Typical shoulder X-ray views include: An axial view can also be used as an alternative to the scapula Y view if the patient is unable to tolerate the positioning required to obtain this view. Figure 1. A normal AP view 1 Figure 1.1.
Shoulder radiographs are performed for a variety of indications including: shoulder trauma. bony tenderness at the glenohumeral joint/region. restriction of rotation. instability. suspected dislocation. AC joint injury.
When shoulder instability becomes recurrent, a complete radiographic study may help get to the diagnosis. Radiographs show osseous lesions of the humerus or glenoid in 95% of patients with chronic anterior instability.
Shoulder Instability Xray Photo Image Diagram - Chart - diagrams and charts with labels. This diagram depicts Shoulder Instability Xray Photo Image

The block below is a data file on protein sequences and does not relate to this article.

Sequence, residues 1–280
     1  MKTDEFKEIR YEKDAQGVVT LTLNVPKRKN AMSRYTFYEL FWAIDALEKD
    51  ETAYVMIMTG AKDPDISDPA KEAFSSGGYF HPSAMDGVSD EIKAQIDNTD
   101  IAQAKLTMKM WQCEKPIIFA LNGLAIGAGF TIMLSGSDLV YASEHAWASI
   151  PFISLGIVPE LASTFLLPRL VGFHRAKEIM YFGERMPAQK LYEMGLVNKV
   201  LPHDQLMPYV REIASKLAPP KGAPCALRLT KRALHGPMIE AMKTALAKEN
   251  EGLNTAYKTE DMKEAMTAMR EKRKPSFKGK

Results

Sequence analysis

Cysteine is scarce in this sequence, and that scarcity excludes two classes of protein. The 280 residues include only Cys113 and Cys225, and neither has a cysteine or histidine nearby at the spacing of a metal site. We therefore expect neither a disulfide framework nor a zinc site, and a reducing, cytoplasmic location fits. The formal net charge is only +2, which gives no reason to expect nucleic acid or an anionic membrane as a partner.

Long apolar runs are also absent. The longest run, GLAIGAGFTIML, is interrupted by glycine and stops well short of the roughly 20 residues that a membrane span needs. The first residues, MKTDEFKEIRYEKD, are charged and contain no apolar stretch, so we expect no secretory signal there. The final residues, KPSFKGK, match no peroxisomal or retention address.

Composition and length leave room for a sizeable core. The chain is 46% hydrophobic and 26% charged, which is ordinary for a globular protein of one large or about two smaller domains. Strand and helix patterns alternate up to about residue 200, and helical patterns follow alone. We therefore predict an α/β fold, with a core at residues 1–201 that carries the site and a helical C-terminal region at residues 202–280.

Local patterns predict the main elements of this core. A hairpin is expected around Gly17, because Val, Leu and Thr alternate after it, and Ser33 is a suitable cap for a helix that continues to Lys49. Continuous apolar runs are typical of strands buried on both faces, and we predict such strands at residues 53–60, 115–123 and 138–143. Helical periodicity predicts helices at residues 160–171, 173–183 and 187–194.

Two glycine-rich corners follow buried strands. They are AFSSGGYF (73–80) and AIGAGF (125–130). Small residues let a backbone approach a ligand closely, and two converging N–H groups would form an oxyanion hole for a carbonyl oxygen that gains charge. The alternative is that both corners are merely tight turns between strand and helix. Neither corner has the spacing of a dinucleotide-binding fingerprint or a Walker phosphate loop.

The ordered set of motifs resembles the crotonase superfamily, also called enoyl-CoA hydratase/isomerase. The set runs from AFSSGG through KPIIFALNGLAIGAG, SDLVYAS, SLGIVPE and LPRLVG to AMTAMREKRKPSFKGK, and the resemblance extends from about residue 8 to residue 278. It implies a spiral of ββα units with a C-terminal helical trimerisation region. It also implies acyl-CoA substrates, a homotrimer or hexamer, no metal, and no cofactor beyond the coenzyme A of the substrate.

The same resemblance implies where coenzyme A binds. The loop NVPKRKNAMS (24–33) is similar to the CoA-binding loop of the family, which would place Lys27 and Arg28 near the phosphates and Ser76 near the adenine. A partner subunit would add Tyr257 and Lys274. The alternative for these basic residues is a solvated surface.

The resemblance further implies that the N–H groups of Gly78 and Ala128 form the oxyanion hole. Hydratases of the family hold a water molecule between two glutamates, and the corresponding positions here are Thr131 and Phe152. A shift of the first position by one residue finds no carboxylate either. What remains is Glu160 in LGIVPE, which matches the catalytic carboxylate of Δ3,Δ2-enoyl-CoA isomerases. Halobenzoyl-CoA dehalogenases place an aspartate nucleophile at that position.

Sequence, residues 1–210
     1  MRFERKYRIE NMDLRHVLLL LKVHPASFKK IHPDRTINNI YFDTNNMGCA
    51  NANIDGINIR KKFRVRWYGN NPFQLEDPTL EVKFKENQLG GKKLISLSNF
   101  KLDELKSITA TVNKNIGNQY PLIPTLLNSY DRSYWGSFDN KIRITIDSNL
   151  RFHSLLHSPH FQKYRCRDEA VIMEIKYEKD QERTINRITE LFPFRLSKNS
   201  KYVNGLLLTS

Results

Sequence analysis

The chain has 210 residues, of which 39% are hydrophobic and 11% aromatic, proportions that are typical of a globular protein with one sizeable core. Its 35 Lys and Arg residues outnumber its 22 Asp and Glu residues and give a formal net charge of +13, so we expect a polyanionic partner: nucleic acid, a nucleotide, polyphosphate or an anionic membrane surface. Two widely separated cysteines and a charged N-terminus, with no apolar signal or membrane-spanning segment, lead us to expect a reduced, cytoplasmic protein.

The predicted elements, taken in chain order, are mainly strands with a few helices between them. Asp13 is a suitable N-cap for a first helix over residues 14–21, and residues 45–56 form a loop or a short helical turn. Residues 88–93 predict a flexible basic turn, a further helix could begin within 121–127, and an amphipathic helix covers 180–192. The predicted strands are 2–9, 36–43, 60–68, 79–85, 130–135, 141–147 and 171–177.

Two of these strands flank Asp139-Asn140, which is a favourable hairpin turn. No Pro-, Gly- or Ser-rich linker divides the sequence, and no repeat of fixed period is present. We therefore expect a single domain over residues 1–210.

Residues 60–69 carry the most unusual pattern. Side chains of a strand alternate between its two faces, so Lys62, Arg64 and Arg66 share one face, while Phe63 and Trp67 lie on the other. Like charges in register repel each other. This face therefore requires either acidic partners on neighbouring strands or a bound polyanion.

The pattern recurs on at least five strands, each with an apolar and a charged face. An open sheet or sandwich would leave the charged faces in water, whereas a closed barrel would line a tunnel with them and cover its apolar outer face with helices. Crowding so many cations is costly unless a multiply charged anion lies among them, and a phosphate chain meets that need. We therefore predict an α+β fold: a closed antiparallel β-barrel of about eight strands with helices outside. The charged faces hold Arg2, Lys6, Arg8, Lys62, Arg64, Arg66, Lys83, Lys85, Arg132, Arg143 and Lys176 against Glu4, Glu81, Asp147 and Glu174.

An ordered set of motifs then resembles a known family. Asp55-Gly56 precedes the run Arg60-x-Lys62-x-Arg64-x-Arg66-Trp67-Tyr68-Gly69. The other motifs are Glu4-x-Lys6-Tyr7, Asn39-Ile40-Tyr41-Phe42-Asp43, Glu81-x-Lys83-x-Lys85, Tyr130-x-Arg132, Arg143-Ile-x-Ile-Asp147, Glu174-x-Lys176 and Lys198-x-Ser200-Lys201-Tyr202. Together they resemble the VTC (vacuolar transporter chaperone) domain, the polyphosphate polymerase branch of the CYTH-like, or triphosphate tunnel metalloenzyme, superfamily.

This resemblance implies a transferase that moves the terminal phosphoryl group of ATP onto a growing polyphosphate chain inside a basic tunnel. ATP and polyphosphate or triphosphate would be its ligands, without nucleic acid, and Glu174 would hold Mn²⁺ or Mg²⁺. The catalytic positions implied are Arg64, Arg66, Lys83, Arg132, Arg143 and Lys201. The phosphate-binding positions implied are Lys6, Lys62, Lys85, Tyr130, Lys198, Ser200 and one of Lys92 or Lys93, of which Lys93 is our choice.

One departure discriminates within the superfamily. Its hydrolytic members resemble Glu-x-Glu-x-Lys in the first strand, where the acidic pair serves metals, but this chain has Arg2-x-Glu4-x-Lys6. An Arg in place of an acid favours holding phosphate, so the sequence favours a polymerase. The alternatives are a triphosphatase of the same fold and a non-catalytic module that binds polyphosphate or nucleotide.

All too commonly, a radiographic evaluation of the shoulder consists of two anteroposterior views of the rotated proximal humerus, which are taken perpendicular to the frontal axis of the thorax. FIGURE 5-1 AP radiograph of the shoulder taken in the plane of the thorax. Note that the film is actually an oblique view of the glenohumeral joint.
In a study of 120 patients, Strauss and colleagues 49 stated that a special set of x-rays could confirm the diagnosis of anterior shoulder instability with 95% accuracy. The x-rays were the anteroposterior view of the shoulder in internal rotation and the Hermodsson, axillary lateral, Stryker notch, Didiee, and West Point views.
Typical X-ray findings in posterior shoulder dislocation include: 1 AP view: the glenohumeral joint will be widened and the humeral head will take on a classic “light bulb” appearance due… 2 Lateral view: the humeral head will lie posterior to the glenoid fossa. More …
Diagram Of Shoulder Instability Xray Image Diagram - Chart - diagrams and charts with labels. This diagram depicts Diagram Of Shoulder Instability Xray Image